I’ve been listening to the Marathon Talk (www.marathontalk.com) podcasts on my way to and from work recently. I find them much more entertaining and inspirational than the offerings from radio stations at that time of day, as well as being a small way of my saying “thank-you”*. The fact that my parents have recently moved close to where one of the team trains also makes it seem much more real and closer to home. However, I am already at risk of digressing from the point I intended to make.
I am often looking for my next challenge, whether it is faster, higher, hillier, longer or just more difficult than I have done before. But, in recent months, I have enjoyed a sense of freedom from having nothing of note on the horizon, other than a London Marathon (with my Brother and Sister), which only falls under the ‘faster’ category of challenge. This relative lack of such a challenge has created a void.
Furthermore, this week is half term which, among other things, serves to provide (too) much time for thinking. Coupled with being ill** and a consequent lack of running, my brain has gone into overdrive.
One way I overcome that is by re-evaluating how I am spending my time. I have been considering my position at the running club, and how much I wish to become involved in the committee, or otherwise, but I don’t wish to discuss this at present (other than to thank the Emu for a random act of kindness). So, this is where Marathon Talk comes in…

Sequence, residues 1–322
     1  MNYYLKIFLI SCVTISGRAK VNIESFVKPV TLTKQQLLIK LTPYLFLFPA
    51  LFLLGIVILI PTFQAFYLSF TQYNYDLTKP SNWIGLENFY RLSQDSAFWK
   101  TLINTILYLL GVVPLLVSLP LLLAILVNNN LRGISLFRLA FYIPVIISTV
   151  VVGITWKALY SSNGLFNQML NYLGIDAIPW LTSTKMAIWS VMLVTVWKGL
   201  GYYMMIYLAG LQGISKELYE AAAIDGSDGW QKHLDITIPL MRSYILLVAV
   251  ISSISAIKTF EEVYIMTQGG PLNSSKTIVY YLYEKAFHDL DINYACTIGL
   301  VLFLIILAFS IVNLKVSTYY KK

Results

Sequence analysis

For those who are unfamiliar with the podcast, each week somebody related to marathon running in one way or another is interviewed. It may be an elite athlete, a coach, an organiser or somebody else. The problem is that each and every interviewee has a story to tell, usually accompanied by a message of inspiration – like James Adams who has just completed a run from Los Angeles to New York (see his blog here – and this in particular is well worth a read). Seriously. In fact, I challenge you to listen to his interview (here), not be moved by what he says, and not want to experience just a tiny fraction of what he describes (singing Japanese Beatle aside).
Again, I seem to be digressing, but the point I am gradually drifting towards is that I am now thinking about my next challenge. Yes, I said it. I am now looking for another challenge. I don’t yet know if I want it to be longer than the Swiss Alpine Ultra (79.1km), or longer than Paris to London (218.3m in 8 days), but I think I want it to be a ‘longer’ challenge.
Wearing my sensible hat, I suspect that I shouldn’t do it. But life would be boring if it were easy. So I have put it out into the public domain and ask you, the reader, to let me have your suggestions. I blame James Adams (whom I would also like to thank).
*For two Paris to London interviews.
** I’ve not taken a single day off work due to sickness for more than five years, yet I continue to get ill during the holidays. Go figure.